“The direct capital investment by the Centre is complemented by the provision made for creation of capital assets through Grants-in-Aid to States. The ‘Effective Capital Expenditure’ of the Centre is budgeted at 13.7 trillion, which will be 4.5 per cent of GDP.”

The proposed capex outlay for railways is INR 2.4 trillion – nine times the outlay proposed in 2013-14 and the highest ever according to the finance minister.

For FY 2023-24, state governments will benefit from the 12-month extension on the 50-year interest-free loans to aid infrastructure investments. The outlay for this is INR 1.3 trillion. This initiative began in the Union Budget for FY 2020-21 after the COVID-19 pandemic struck. Called the ‘Scheme for Special Assistance to States for Capital Investment’, the central government provided 50-year interest-free loans to state governments worth INR 118.30 billion in FY 2020-21 and INR 141.86 billion in FY 2021-22.

Sitharaman stated:

“The entire fifty-year loan to states has to be spent on capital expenditure within 2023-24. Most of this will be at the discretion of states, but a part will be conditional on states increasing their actual capital expenditure. Parts of the outlay will also be linked to, or allocated for, the following purposes:

  • Scrapping old government vehicles;
  • Urban planning reforms and actions;
  • Financing reforms in urban local bodies to make them creditworthy for municipal bonds;
  • Housing for police personnel above or as part of police stations;
  • Constructing Unity Malls [for promotion and sale of state-ODOPs (one district, one product), GI products, and other handicraft products];
  • Children and adolescents’ libraries and digital infrastructure; and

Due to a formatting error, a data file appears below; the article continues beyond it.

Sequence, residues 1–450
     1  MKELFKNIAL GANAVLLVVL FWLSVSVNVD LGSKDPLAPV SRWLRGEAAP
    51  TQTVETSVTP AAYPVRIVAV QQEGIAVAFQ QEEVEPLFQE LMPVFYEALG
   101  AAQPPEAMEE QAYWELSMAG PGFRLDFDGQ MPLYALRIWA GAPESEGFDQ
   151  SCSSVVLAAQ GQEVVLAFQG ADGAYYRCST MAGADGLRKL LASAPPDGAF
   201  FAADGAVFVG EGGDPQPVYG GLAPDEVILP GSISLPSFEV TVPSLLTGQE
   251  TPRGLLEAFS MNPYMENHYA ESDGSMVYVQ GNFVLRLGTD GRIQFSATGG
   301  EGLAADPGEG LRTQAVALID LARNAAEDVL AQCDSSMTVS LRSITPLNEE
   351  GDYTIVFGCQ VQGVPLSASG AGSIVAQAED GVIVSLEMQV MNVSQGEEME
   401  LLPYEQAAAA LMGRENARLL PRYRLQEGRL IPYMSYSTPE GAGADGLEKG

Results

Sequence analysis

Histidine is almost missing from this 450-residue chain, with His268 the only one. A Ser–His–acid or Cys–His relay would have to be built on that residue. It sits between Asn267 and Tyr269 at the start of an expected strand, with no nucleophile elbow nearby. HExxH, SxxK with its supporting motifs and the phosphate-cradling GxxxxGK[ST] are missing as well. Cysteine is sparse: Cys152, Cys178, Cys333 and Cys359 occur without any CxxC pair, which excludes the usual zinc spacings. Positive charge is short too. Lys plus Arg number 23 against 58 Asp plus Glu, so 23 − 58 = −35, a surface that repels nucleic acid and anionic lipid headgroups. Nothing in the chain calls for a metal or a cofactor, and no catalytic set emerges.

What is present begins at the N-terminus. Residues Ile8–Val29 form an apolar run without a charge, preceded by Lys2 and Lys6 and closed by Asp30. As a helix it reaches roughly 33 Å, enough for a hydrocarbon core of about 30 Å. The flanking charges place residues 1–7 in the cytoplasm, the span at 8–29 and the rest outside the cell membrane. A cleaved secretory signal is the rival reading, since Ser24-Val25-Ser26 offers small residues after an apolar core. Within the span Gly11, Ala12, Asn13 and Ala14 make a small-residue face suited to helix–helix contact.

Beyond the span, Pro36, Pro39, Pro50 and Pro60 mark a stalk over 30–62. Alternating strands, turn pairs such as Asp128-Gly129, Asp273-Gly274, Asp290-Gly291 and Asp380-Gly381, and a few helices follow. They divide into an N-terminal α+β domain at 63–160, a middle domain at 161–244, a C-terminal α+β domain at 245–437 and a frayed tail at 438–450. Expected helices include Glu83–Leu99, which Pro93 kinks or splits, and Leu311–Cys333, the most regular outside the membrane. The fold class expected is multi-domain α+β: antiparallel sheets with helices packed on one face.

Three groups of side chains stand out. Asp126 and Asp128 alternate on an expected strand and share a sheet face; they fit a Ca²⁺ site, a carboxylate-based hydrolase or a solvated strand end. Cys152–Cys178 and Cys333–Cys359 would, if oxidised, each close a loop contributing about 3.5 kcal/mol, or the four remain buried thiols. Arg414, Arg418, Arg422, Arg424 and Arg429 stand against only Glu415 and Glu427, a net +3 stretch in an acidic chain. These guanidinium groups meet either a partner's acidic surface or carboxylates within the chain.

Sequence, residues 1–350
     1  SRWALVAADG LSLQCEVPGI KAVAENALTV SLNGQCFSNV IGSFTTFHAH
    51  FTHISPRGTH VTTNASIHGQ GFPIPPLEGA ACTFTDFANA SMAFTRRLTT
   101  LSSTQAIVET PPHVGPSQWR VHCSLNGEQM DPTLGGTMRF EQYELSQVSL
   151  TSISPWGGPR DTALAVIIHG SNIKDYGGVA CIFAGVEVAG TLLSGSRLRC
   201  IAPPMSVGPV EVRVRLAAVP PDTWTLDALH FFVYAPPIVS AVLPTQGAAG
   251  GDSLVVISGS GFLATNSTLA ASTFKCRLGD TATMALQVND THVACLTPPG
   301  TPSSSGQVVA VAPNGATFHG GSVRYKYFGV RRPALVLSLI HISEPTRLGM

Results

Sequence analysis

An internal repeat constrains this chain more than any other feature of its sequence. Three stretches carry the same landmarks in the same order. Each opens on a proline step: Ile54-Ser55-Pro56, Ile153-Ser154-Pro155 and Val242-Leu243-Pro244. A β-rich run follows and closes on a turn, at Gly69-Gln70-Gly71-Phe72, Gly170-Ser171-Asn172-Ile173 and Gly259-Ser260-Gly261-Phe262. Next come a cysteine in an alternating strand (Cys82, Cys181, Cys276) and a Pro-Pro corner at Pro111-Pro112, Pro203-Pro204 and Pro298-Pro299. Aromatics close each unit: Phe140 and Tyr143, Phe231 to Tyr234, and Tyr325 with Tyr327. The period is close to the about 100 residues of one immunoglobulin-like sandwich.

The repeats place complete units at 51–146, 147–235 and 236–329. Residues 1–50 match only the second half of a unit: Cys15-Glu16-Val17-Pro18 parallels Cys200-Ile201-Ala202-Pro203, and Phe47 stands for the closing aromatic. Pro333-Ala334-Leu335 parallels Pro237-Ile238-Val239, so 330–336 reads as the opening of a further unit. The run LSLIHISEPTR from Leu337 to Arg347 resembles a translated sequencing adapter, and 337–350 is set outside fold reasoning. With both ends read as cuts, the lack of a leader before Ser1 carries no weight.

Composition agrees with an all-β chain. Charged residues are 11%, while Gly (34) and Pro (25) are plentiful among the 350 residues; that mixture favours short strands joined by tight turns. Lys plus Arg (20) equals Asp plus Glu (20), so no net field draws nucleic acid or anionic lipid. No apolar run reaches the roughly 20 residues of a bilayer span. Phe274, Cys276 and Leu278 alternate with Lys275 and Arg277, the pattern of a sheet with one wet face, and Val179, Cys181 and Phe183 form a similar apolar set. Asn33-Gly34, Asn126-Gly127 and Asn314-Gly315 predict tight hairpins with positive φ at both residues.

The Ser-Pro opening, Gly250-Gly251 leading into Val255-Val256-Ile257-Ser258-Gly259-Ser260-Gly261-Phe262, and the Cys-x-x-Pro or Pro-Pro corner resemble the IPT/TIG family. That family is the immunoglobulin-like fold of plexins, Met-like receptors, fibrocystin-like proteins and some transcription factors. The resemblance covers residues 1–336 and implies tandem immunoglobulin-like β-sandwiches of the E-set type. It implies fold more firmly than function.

• State share of capital expenditure of central schemes.”

The budget also mentioned a Harmonized Master List of Infrastructure, which will be reviewed by an expert committee to recommend the classification and financing framework suitable for India’s growth trajectory achieved by 100 years of independence or Amrit Kaal.


To improve logistics, 100 critical transport infrastructure projects, for last and first mile connectivity for ports, coal, steel, fertilizer, and food grains sectors have been identified by the government. Sitharaman announced that these will be taken up on priority with investment of about 750 billion, including around 150 billion private capital.

In other logistics infrastructure announcements, Sitharaman has proposed 50 additional airports, heliports, water aerodromes, and revival of advanced landing grounds for boosting regional air connectivity.

The budget also mentioned that coastal shipping will be promoted as the energy efficient and lower cost mode of transport, both for passengers and freight, through public-private-partnership (PPP) mode with viability gap funding.

Urban development

An Urban Infrastructure Development Fund (UIDF) will be set up to be managed by the National Housing Bank and target urban infrastructure in tier-2 and tier-3 cities.

All cities and towns will be enabled for 100 percent mechanical desludging of septic tanks and sewers to transition from manhole to machine-hole mode.

Technology and research

Under the vision of “Make AI in India and Make AI work for India”, three centers of excellence for artificial intelligence (AI) will be set-up in top educational institutions. The government intends for leading industry players to partner in conducting interdisciplinary research, develop cutting-edge applications, and scalable problem solutions in the areas of agriculture, health, and sustainable cities.

A National Data Governance Policy is also in the works to enable access to anonymized data for the benefit of research by start-ups and academicians.

The budget proposes 100 labs for developing applications using 5G services to be set up in engineering institutions to tap into new opportunities, business models, and generate employment. The labs will cover areas, such as smart classrooms, precision farming, intelligent transport systems, and healthcare applications.

For higher education, the budget has proposed setting up 157 new nursing colleges in co-location with the existing 157 medical colleges established since 2014. Research and innovation in pharmaceuticals and medical devices will also be encouraged.